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Genetics. 2000 Oct;156(2):665-75.

Isolation and analysis of six timeless alleles that cause short- or long-period circadian rhythms in Drosophila.

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  • 1Laboratory of Genetics, and National Science Foundation Science and Technology Center for Biological Timing, The Rockefeller University, New York, New York 10021, USA.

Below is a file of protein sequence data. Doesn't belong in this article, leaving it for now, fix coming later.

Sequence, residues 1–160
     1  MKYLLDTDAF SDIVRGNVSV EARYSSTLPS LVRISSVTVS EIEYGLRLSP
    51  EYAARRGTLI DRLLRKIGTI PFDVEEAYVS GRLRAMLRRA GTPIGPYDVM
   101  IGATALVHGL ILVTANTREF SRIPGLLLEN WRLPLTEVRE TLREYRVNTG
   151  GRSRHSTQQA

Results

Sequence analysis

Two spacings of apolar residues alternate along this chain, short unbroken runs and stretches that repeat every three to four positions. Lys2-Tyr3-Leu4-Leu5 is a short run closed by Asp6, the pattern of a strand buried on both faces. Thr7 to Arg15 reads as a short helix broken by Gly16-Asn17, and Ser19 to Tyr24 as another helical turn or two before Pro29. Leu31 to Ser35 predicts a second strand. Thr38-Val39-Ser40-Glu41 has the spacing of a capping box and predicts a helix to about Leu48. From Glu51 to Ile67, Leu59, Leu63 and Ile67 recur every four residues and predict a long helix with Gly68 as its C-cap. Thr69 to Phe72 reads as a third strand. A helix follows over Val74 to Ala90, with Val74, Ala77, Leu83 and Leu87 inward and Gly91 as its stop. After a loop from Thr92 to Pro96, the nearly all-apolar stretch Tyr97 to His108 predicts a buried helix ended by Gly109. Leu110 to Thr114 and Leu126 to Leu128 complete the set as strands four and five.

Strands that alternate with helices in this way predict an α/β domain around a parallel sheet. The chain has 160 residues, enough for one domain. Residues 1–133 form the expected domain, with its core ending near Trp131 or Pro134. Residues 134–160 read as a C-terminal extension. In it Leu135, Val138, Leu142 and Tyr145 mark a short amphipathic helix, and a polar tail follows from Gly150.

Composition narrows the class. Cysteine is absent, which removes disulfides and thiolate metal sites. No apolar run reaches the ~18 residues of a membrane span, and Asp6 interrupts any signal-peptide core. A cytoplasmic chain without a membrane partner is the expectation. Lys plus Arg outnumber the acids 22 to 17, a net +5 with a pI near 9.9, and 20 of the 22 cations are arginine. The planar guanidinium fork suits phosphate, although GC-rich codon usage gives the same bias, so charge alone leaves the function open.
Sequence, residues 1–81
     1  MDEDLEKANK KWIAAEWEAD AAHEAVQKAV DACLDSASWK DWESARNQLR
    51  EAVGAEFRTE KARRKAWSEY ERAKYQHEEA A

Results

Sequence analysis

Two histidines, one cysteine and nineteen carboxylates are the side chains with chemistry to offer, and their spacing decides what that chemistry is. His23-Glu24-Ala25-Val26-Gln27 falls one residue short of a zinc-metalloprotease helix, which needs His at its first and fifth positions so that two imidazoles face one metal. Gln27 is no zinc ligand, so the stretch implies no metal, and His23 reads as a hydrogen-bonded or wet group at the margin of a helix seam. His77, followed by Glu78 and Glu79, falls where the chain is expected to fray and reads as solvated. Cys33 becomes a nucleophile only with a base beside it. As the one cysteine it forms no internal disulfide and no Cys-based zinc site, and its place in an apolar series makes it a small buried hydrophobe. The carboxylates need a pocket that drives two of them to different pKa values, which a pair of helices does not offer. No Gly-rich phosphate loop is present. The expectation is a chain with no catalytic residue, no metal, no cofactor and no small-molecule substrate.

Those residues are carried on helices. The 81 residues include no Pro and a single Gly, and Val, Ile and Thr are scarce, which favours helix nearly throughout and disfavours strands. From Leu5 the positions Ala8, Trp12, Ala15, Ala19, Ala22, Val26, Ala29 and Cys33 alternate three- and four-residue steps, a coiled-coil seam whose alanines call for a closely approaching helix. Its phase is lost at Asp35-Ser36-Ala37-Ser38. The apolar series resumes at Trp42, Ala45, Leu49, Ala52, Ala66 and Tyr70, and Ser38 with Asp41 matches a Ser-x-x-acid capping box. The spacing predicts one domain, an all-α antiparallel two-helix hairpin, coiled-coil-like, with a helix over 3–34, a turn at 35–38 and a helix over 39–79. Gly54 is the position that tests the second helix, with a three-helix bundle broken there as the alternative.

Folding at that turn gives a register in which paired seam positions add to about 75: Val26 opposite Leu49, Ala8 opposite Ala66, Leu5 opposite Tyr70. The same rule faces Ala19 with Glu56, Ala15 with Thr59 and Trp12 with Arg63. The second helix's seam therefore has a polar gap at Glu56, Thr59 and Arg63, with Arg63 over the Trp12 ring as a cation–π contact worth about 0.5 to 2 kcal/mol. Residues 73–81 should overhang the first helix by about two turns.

In genetic screens for Drosophila mutations affecting circadian locomotion rhythms, we have isolated six new alleles of the timeless (tim) gene. Two of these mutations cause short-period rhythms of 21-22 hr in constant darkness, and four result in long-period cycles of 26-28 hr. All alleles are semidominant. Studies of the genetic interactions of some of the tim alleles with period-altering period (per) mutations indicate that these interactions are close to multiplicative; a given allele changes the period length of the genetic background by a fixed percentage, rather than by a fixed number of hours. The tim(L1) allele was studied in molecular detail. The long behavioral period of tim(L1) is reflected in a lengthened molecular oscillation of per and tim RNA and protein levels. The lengthened period is partly caused by delayed nuclear translocation of TIM(L1) protein, shown directly by immunocytochemistry and indirectly by an analysis of the phase response curve of tim(L1) flies.

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